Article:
Lynx Rufus

On our way out of the Park this afternoon, I saw a wildlife biologist sitting in a pull-off just downstream of 7 Mile, off her sled and looking over the river bottom.  While she didn’t appear to see anything, and I didn’t stop to ask, she looked as if she had seen something.   So, I slowed down my pace and began to scan the river’s edge.

Slinking kitty

 Several hundred yards below 7 Mile Bridge, I noticed a bobcat sitting on an old Doulgas Fir near the river bank.  Chip (my snowcoach) rolled to a stop and we piled out to get a better look, watching from about 80 yards away.

Sneaky...

  It was motionless and keyed on something under the log, just a few feet away.  Then the bobcat rose up and started walking down the log with perfect balance, not once missing a step.  It was hard to say what the bocat was into, but there was no doubt that it was hunting.  Off the log it walked onto the bank and moved upstream to another log jam.  Predators are badass and this one put on a great show for us.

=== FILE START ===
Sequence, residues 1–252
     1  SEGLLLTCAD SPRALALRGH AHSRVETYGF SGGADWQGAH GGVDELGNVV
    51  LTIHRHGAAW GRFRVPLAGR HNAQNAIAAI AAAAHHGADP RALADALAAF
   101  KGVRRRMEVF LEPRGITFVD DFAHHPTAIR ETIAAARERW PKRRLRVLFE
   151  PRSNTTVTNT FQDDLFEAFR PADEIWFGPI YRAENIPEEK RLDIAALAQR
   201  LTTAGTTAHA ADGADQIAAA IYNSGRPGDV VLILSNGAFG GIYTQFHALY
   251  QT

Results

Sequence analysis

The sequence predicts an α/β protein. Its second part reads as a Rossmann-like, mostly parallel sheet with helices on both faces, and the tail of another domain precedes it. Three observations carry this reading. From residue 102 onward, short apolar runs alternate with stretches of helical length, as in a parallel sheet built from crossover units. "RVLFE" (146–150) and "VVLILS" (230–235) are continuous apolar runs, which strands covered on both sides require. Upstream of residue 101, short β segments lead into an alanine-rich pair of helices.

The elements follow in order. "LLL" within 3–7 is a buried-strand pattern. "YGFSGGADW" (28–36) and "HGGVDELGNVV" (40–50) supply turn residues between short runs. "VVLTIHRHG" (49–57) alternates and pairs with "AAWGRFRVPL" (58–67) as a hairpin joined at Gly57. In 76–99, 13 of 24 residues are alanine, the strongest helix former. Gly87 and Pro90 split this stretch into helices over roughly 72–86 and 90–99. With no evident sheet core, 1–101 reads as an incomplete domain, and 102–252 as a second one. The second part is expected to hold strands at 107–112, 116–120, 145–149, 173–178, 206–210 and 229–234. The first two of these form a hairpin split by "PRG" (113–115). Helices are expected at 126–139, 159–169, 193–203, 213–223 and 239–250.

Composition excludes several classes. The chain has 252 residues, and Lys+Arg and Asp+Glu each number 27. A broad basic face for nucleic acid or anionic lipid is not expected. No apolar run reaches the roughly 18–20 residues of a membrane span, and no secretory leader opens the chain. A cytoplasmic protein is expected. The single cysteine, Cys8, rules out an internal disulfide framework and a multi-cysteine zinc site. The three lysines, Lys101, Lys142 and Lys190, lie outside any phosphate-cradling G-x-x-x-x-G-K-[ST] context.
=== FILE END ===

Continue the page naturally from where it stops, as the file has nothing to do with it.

Muskrat for dinner? Anyone?

Luckily for me, a fellow guide pulled up with his sleds and his big bag full of Nikon lens not long after we first spotted the bobcat.   Several minutes later the cat pounced and pulled out a muskrat from the depths of a log jam.  At this point I was watching and not shooting…opps….I couldn’t help but watch.  My biggest lens is a 200, but Chris carrys at 500…..so nice.   We quickly switched lens and I got to zoom in a bit closer as the kitty walked away with its meal.

Retreating to the woods.

 Lynx rufus, the bobcat, is native to Yellowstone.  However, YNP has no idea just how many bobcats are living in the park.  This elusiveness, coupled with observing a hunt in it’s natural habitat,  is why I love this place. 

Why it's called wildlife